Usually the little inner voice starts piping up as you lie on the couch. "Go ahead, have another piece of candy," or, "Take a handful of those potato chips."
The voice is that of one's weaker self, which has to be nourished and acknowledged, said professor Ingo Froboese of Germany's college athletic health center in Cologne.
"You have to let that inner voice win sometimes, but you also have to show it clearly who's the boss of the household," Froboese said.
"Especially in winter, everyone should set concrete exercise goals and schedule activities," advises health psychologist Sonia Lippke of Berlin's Free University. Lippke and fellow psychologist Jutta Wittig are working on a study of the weaker self and how people can be active in a healthy way despite it.
"A lot depends on setting realistic goals," Lippke said.
People who already know that they do not really enjoy working out should not suddenly become addicted to it, said health expert Stefan Buchner of Berlin. It's more worthwhile for a person to think back on an activity that gave them the most enjoyment and pursue that.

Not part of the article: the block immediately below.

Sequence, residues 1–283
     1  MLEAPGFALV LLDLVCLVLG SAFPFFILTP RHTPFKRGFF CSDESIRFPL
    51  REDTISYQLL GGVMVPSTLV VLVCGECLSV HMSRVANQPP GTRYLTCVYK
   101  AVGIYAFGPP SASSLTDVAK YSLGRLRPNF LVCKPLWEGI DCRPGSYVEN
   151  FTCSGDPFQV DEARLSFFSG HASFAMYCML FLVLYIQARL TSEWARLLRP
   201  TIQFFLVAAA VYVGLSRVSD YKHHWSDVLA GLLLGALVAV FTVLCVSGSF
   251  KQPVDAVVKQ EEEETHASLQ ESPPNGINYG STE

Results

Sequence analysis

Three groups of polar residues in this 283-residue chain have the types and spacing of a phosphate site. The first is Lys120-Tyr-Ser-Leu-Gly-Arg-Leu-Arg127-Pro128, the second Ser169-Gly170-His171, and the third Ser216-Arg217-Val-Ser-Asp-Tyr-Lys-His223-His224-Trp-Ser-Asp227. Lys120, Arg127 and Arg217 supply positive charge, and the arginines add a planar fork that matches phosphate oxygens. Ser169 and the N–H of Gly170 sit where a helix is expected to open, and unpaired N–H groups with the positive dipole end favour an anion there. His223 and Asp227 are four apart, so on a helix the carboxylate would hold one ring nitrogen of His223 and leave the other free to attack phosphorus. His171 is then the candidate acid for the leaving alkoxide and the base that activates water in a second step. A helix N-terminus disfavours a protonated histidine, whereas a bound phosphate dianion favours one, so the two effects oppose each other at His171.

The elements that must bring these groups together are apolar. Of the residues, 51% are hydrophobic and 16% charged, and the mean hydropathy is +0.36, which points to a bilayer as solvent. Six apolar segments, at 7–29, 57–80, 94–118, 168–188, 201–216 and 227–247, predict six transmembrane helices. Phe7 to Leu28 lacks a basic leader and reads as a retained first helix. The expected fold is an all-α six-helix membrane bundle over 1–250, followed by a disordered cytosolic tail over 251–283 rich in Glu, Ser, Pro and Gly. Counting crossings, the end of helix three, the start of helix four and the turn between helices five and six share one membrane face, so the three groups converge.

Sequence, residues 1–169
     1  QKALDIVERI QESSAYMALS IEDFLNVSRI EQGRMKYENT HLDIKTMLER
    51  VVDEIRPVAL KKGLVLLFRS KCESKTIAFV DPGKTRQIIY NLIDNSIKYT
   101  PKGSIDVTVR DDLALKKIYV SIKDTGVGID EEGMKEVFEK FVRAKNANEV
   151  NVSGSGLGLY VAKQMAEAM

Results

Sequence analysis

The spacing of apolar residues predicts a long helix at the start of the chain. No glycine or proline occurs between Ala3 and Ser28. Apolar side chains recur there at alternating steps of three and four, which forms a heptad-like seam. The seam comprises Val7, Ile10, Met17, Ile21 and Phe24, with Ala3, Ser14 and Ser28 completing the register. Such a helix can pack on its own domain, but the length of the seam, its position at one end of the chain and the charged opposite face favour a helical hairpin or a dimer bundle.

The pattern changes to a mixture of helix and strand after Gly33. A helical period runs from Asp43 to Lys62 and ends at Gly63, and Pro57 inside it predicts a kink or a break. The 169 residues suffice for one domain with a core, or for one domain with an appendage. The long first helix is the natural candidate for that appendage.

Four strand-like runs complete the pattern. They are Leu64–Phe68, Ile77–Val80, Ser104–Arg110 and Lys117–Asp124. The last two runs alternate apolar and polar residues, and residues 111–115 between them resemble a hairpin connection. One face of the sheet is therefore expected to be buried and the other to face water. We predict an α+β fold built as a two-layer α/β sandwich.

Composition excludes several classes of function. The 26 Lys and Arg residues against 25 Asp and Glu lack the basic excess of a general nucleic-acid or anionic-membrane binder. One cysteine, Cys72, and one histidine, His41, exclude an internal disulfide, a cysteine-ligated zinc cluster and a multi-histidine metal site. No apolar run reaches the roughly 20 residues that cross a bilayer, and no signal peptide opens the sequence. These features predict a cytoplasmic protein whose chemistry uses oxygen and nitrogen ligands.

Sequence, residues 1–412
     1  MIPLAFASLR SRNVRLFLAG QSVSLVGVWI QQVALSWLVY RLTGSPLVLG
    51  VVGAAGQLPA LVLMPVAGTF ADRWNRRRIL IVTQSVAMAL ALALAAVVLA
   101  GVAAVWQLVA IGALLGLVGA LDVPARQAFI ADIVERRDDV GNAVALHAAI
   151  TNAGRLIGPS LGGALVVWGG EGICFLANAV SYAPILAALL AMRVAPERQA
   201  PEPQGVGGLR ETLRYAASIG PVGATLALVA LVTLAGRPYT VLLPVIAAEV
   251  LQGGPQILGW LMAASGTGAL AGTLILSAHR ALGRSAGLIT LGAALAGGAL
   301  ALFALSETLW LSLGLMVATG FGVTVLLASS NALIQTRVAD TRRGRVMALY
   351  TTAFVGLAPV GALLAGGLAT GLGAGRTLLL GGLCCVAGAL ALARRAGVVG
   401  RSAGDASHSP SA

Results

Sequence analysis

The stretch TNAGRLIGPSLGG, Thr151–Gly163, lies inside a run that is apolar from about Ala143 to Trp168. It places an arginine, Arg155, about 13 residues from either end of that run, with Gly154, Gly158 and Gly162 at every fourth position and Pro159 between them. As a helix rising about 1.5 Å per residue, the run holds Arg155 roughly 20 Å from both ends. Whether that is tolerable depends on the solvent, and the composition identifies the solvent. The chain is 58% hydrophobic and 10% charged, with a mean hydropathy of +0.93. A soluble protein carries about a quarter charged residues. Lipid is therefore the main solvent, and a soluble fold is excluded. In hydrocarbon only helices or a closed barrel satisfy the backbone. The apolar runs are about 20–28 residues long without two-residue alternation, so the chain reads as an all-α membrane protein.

"Whatever they do, people should not go headlong into some trendy sport and buy all the equipment for it at the first opportunity," Buchner said.
Reward is a good means to coax the weaker self into agreeing to leave the couch. The reward could be time in the sauna, a massage or a nutritious vitamin-rich drink, any of which can be enjoyed at the gym immediately after a workout, Buchner said.
"When it comes to nutrition, complete bans on certain foods usually don't work," Lippke said. It's also an innate human instinct to fatten up just a little before and during winter even though it's no longer necessary because of the way homes are heated in the 21st century in the Western world.
There's no sin in nourishing oneself with all types of foods, Froboese said. The trick is to reach a stable weight and stay there.
A diet heavy in fat and little activity is the worst combination.
The extra calories in the fat, however, can be offset by daily activities like climbing stairs or getting off the bus one station early, the sports professor said. He advises people to have something up their sleeve to increase their level of activity as alternatives to jogging or cycling.
"In the midst of winter people find thousands of excuses not to exercise, such as it's too dark or wet out," Froboese said. People should consider signing up for a course in a nearby gym or arranging appointments with a home fitness trainer.
Buchner also knows how difficult it is for some people to get out and exercise. Once they are home, the gym suddenly is kilometers away, even thought it's just around the corner.
To overcome this problem, Lippke recommends people ask a neighbor about going together.